I finally got a chance to go back to the MFA yesterday and see Juno with a head on. When they acquired her in 2012, she was decapitated and needed a nose job.
When I went last year in 2014, she was blocked off because of a special event. So yesterday, finally yesterday, I got to take in her entire massive splendor, which I must admit, makes you want to drop to your knees in worship just because of her sheer size. This also meant that I finally got a chance to analyze what’s going on with her layers.
All photos were taken by me with my phone at the Museum of Fine Arts in Boston, MA. They can all be blown up to a larger size by clicking on them.
Before we get to the knitty gritty, here’s all the pictures I took of her. Isn’t she magnificent?
And now we get to talk about what we’re looking at. That’s a peplos over a chiton. (Remember, here at Anna’s Rome, we use the Greek terms for Roman clothing to better determine the difference between the two garments. For more information, please visit my Ancient Roman Garb page.) Now, my observation of this from 2012 apparently sent some folks into a minor tizzy on the internet, because that is what the internet is for. Clearly I meant stola, clearly I was wrong. Clearly I didn’t know what I was talking about.
THAT. IS. A. PEPLOS. OVER. A. CHITON. With the left shoulder unpinned and rolled down to reveal her breast, and the right side left unsewn to add to the really detailed open drapery the sculptor had a field day with.
The stola had its golden age in the Republic. This statue, at least the body of the statue, is dated to the 1st Century BC. (The head was a later addition in the 2nd Century AD.) So you’re looking at the early Empire. Now, some women did continue to wear the stola well into the Empire, it was popular in the Flavian court, which may have been more conservative than the Julio-Claudians. The concept of fashion and trends was just as alive then as it is today. But what this does is provide women with an alternative to the frumpy blimpy stola that allows them to maintain the modesty expected of a matron while being more mobile and less confined to layers upon layers of cumbersome material. (More info on stola can be found above in Ancient Roman Garb page.)
Now, sculpture always interprets the ideal, not the real. Gods and Goddesses will always be the ideal, no matter what, but it’s worth noting the way the material drapes against her body and allows for some clingy sexiness. This cannot be achieved with today’s linen. My assumption is that we’re looking at some really REALLY fine tropical weight wool gauze, which I HAVE seen occasionally at a premium, but that’s what was worn more often than linen. It was more colorfast and easier to weave versus the smelly process of retting and laundering flax. It also would have felt nicer against the skin than wool does today.
So let’s take a closer look, care of Photoshop and some bad transparent painting.
Now you can really see the separation of the layers from the front, which is where the sculptor would have paid the most attention to detail. The peplum (flappy bit) is clearly visible, and unlike a stola, the garment is shorter, and reveals the chiton underneath, rather than reaching to the floor and touching the wearer’s instep such as her chiton does. There is no visible sign of belting but one tassel on the side (we’ll get to that in a second.)
At first, I thought she was wearing a rolled palla or something over her shoulder, but now that I’ve been able to really circle the entire sculpture 17 times before my husband dragged me out of the gallery, it’s clear that it’s only pinned on her right shoulder, and that the garment is rolled down. The only idea I have regarding this is to pay attention to Juno’s sexuality. I’ve been mulling over the idea that the peplos as a sole garment with no under layer is the mark of a virgin, you see this with statuary of Athena/Minerva and Artemis/Diana. In this case, Juno (Hera) is the Queen of the Gods, she has children, and a sexual relationship with her husband, Jupiter (Zeus.) The peplos revealing the breast in such a manner could better facilitate breast feeding, but it also goes, “Hey, yeah I’m modest and married, but I’m still desireable.” As on the other side of the modesty spectrum, Aphrodite/Venus is often shown just wearing a chiton that is usually falling off, or nothing at all. So this bridges the rigid virginal appearance of some goddesses with the hypersexualized appearance of other. You have a modest, married woman, who has nursed her children, and is still revered as a mother to her worshipers. Juno herself had many, many roles as a Roman Goddess, ranging from being Queen of the Gods, a patron of Rome in the Capitoline Trio, an image of war, motherhood, childbirth, creation, etc. There’s no really good way to nail her down, so it would depend on the local cult. The provenance of this statue seemed shaky on the placard, but one could assume that in the particular shrine this sculpture was carved for, her motherhood and patron of childbirth probably took precedence, just because of the attention given to one breast, and her lack of armaments.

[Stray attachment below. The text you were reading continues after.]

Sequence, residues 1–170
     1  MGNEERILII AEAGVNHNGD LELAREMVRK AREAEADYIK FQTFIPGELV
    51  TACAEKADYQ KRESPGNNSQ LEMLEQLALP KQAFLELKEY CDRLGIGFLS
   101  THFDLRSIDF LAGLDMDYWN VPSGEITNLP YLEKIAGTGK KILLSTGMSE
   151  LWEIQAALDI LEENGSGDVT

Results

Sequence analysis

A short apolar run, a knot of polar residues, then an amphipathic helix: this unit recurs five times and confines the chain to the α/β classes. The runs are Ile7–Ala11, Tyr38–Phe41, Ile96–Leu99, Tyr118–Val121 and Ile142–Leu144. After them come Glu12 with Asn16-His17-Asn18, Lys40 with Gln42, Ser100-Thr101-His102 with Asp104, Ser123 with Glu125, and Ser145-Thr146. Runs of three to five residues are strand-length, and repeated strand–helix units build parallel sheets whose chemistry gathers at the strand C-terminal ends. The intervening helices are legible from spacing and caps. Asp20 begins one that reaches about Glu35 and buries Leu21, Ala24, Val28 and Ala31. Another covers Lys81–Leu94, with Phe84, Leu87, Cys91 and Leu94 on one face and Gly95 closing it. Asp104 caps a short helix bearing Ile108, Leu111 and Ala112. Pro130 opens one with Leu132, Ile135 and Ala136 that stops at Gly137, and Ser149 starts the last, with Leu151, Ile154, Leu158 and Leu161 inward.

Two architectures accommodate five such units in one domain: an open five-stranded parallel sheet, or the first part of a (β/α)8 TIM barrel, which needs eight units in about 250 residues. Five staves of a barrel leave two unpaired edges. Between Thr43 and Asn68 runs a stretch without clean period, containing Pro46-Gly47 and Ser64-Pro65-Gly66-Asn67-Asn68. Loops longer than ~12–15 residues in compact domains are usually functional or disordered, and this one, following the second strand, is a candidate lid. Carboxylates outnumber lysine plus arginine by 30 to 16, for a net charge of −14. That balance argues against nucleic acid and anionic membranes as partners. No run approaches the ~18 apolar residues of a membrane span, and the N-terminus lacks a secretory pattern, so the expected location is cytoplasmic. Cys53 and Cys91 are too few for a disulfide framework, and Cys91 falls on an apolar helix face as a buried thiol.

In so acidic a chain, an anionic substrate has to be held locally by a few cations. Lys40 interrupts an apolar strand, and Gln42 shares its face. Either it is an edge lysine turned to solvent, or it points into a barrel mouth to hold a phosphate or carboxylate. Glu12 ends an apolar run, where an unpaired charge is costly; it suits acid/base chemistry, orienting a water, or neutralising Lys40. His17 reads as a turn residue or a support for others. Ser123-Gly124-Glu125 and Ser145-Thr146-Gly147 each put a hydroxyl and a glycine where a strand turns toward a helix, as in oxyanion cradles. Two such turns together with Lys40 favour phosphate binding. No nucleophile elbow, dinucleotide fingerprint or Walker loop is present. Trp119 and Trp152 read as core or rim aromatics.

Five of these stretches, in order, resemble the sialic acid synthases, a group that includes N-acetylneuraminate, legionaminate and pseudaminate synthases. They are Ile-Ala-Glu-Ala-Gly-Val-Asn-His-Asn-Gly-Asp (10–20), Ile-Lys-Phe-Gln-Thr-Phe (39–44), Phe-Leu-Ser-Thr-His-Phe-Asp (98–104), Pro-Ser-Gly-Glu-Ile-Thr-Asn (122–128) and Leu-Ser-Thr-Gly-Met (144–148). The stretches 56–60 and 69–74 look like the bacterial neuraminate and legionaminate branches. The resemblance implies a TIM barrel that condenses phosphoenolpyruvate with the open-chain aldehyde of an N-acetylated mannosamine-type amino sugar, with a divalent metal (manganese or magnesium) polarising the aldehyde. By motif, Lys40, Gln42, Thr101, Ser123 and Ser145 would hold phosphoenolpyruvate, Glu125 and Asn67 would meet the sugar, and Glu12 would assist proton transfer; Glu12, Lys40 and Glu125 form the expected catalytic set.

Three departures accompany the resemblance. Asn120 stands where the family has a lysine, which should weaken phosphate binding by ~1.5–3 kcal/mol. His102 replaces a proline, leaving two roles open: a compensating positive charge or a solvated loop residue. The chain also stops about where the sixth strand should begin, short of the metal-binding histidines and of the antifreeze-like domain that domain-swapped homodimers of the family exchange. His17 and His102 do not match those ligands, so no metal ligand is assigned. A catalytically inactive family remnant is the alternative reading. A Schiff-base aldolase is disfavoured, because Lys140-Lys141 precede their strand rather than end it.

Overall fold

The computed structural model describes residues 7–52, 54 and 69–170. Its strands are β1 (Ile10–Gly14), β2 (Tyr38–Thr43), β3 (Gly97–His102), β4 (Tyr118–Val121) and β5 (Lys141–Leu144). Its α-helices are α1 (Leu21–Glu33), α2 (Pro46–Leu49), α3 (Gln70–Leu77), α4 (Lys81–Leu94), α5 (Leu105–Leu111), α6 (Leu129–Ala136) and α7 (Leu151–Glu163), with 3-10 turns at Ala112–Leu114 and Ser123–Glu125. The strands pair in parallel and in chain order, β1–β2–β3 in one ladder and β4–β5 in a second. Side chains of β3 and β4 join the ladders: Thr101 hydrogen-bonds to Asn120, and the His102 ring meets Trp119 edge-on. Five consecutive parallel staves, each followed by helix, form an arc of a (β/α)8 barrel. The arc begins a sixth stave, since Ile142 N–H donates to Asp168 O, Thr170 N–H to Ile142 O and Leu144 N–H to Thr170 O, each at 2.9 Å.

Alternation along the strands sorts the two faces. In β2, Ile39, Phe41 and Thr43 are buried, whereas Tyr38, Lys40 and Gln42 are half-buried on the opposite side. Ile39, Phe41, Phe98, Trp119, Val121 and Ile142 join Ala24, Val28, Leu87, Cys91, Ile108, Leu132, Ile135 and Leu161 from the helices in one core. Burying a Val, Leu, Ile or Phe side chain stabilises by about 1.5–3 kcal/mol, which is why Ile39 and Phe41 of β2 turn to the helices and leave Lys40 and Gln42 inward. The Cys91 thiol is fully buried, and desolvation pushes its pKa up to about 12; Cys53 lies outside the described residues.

Here’s the side views. As you can see, little attention was given to her back, or pieces were sheered off to make way for a mounting mechanism at one point in time. I do want to pay attention to the open sides of the peplos in the first image. Traditionally, this garment was belted and overlapped to help conceal the body. Romans were more modest than Greeks in that regard, and they probably would have sewn it shut. This is left open and unbelted. There is one small tassel visible in that same image that shows the open side, which could be reference to an open girdle, or something hanging from the top. (I really couldn’t see. She’s tall!) In the case of the girdle being left open, that really lends to sexualization of the statue. The visible tassel likely belongs to the girdle of her chiton peeking out from the side of the open peplos, which would make sense, because her sleeves are nice and taut, signifying the garment being pulled against the body.